—delighting in the misery of others—is a balm for the soul when all else is gloomy.

              Del was right.

              They were putting on a performance of a new show, the score to which had been composed by her friend, Ben, the lawyer-turned-composer. It was a musical based on the life of Marie Curie. The title:

              Allie sat in the fourth row, beside her best friend Del, who was the producer. Three rows ahead of them sat Angus MacFetridge, the director.

              A word about Angus MacFetridge.

              Here was a man, in Allie's summation, who had never experienced anything more traumatizing in his youth than a Sunday chore mowing a suburban lawn; and nothing more traumatizing in his adulthood than a lead actress with a case of laryngitis. It was the tilt of his head and the stone cut of his jaw, unmoving, and the stone-color of his eyes, unblinking, together with the stone cold way he spoke without inflection that gave the impression of a man unjustifiably cynical about life and the world around him.

              "Ghastly!" The director bellowed through cupped hands. "Go home and stop gargling with Drano!"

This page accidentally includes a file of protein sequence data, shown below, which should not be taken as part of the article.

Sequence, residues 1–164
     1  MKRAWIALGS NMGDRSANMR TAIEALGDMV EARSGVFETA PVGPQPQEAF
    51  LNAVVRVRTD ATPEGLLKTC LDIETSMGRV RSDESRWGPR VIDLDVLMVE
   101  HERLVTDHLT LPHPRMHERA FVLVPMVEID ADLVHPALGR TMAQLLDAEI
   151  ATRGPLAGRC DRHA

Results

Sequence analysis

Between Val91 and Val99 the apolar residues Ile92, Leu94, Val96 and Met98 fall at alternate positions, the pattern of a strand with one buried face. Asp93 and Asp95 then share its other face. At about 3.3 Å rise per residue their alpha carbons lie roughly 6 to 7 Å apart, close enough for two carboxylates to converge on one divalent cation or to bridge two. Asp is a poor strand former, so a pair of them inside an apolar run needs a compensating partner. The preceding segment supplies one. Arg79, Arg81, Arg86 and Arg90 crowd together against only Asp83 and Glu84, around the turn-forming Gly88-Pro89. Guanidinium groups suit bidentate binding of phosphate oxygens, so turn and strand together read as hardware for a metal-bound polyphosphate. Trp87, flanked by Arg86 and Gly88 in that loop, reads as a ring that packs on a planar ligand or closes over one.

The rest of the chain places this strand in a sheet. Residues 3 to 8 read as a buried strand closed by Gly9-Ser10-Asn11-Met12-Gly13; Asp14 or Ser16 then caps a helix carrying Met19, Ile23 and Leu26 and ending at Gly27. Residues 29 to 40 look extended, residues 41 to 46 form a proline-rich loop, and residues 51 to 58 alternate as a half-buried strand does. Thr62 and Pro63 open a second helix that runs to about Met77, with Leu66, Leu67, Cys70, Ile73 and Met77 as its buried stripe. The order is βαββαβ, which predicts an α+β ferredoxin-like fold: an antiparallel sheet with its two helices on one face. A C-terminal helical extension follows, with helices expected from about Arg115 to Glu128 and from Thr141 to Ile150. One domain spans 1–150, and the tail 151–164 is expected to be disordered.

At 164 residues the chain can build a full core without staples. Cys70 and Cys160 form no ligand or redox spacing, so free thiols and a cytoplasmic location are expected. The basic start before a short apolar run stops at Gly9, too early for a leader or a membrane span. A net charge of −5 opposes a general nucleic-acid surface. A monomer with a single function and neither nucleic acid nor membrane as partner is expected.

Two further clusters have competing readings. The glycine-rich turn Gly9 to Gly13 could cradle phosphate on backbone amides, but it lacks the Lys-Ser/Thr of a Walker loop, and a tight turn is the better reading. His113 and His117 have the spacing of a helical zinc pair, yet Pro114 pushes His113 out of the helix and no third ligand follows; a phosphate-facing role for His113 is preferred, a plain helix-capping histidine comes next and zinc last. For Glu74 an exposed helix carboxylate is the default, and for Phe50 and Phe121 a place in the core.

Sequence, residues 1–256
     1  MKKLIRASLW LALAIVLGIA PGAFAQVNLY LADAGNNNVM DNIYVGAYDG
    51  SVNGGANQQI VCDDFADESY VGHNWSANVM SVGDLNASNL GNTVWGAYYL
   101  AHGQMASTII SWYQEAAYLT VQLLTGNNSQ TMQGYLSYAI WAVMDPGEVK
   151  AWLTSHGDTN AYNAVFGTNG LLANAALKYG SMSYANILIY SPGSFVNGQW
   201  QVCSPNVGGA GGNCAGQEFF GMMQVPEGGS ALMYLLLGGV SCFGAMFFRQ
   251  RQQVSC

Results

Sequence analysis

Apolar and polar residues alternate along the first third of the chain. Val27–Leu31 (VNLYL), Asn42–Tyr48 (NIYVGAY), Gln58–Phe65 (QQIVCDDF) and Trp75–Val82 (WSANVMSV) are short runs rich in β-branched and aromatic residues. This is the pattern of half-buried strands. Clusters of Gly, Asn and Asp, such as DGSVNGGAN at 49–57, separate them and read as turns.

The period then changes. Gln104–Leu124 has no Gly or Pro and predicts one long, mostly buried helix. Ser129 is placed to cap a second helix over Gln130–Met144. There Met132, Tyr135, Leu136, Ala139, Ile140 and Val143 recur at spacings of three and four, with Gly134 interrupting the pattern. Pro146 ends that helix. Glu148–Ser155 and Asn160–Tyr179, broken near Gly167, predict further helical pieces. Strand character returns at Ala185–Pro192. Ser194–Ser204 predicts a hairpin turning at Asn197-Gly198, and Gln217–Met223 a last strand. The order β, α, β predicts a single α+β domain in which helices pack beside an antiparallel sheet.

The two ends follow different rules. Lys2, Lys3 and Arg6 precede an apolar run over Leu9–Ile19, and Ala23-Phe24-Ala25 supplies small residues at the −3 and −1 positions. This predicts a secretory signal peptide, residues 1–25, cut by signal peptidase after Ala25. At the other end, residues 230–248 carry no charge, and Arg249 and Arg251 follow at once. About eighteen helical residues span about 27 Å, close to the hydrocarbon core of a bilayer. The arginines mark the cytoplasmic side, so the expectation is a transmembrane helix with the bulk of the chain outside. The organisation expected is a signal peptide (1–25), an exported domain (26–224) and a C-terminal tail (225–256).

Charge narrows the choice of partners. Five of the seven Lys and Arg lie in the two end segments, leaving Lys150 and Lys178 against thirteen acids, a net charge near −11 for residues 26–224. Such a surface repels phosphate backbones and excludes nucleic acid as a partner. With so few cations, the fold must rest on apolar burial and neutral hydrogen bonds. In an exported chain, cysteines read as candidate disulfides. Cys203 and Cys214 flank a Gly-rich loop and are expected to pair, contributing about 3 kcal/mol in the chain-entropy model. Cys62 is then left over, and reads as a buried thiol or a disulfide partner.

"He seems like a nice fellow," Allie whispered to Del.

              Del looked at her, closed her eyes and shook her head. "Hitler after an intervention."

              Allie put her hand over her mouth to stifle a laugh. "What is
supposed to mean?"

              "I'm not sure. But it sounds about right. I mean, this is community theater. Get over yourself. This is Verdenier, not Broadway."

              "Takes his job seriously, does he?"

              "We all do. He's a pathological case."

              Allie leaned over. "And whom do we have here?"

              She was referring to a blonde that had sashayed in and dropped like a feather into the seat on Angus's left.

              "Ah yes," Del said with a lilt. "That would be Miss Sally Kane. She's our lead."

              "You know they're having an affair?"

              "What? Her and Angus?"